Crime

Sister Of Slain Nathan Trapuzzano On Plea Deal: 'The System Definitely Failed Us'

| by Kathryn Schroeder

The family of slain Nathan Trapuzzano have forced themselves to accept the murderer’s plea deal in what they refer to as a “broken system.”

Nathan, 24, was shot dead by Simeon Adams, then 16, on his morning walk in Indianapolis, Indiana, on April 1, 2014. At the time, his wife Jennifer was pregnant with their first child.

"I was 35 weeks pregnant and married and expected that at 40 weeks when I delivered my husband would be at my side," Jennifer told The Indianapolis Star. "It's hard to think that he's not here."

Adams was tried in adult court and accepted a plea deal on Thursday that carries an automatic sentence of 55 years, The Daily Mail reports. He could have been given the maximum of 78 years had the deal not been accepted, but it is unlikely to have happened due to Adams' first time in adult court. His sentencing hearing is scheduled for July 24.

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The plea deal was accepted by the Trapuzzano family, with varying emotional responses.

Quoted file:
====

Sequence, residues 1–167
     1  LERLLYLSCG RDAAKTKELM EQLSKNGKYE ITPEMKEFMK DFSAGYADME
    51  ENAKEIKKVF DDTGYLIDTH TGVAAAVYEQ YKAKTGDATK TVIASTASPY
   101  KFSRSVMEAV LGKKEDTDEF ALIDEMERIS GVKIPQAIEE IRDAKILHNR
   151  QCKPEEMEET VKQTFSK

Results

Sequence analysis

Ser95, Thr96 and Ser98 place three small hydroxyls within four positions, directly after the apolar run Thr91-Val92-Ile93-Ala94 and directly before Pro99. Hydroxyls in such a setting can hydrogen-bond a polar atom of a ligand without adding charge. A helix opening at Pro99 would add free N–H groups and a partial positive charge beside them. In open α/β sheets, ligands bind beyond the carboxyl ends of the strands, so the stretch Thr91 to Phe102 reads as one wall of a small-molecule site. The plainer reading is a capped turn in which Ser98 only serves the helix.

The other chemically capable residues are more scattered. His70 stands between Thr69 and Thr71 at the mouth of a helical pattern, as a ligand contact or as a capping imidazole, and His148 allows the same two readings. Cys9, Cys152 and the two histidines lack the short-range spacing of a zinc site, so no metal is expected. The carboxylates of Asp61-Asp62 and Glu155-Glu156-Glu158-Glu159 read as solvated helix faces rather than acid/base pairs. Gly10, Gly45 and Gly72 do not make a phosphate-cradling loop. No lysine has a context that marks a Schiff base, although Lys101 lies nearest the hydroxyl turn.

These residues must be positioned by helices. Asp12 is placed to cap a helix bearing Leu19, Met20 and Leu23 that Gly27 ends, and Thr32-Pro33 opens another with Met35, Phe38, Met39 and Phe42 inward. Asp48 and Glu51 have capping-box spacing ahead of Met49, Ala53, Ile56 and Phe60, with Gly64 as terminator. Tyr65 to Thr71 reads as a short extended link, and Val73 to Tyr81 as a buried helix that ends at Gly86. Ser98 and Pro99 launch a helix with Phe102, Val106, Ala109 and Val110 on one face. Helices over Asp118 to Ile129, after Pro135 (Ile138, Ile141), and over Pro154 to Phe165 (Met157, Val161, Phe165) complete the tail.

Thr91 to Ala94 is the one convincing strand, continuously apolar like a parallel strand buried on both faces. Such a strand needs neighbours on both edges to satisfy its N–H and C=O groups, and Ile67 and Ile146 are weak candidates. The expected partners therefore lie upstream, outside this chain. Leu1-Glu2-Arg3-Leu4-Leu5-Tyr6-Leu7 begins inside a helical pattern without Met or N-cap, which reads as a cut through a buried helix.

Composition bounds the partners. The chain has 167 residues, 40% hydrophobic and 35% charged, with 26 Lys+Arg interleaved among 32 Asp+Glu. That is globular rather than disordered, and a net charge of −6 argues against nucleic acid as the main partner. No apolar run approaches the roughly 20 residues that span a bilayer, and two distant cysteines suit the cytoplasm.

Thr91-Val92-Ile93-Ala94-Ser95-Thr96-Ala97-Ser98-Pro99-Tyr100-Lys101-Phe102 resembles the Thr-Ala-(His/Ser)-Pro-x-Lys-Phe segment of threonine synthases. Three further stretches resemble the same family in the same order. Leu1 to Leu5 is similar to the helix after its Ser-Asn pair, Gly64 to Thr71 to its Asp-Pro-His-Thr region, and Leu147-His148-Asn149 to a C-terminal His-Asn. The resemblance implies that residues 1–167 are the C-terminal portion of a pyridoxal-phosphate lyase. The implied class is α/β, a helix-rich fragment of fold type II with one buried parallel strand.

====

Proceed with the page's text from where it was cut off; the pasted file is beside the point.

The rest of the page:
“Because of the way our justice system works, or maybe doesn't work, we were all in agreement that this was our best option,” Trapuzzano's mother, Cheryl, said after Adams pleaded guilty to murder. “At least this way Simeon Adams will spend his sentence in prison, not on house arrest.”

Trapuzzano’s sister, Shayne, wanted a stronger punishment for Adams.

“It's not enough,” Shayne said. “The punishment does not fit the crime. This was a sure thing with him spending some time behind bars where he is unable to harm the general public … If the system worked, he would have never had the opportunity to kill Nathan.”

“I feel that the system definitely failed us,” Shayne said.

Adams may be eligible for parole with good behavior after serving around half his sentence, FOX 59 reports. He would then be in his mid-40s.

Jennifer established The Nathan Trapuzzano Memorial Foundation following her husband’s death to assist children who have lost a parent. 

"Ultimately how can you make this a better thing," Jennifer said. "It's never going to be a good thing, but we can make good come out of evil."

"Nathan had such potential in life for what he did and could have done for other people," Cheryl said. "We just want his legacy to go on."

Sources: The Daily Mail, FOX 59, The Indianapolis Star

Photo Credit: The Daily Mail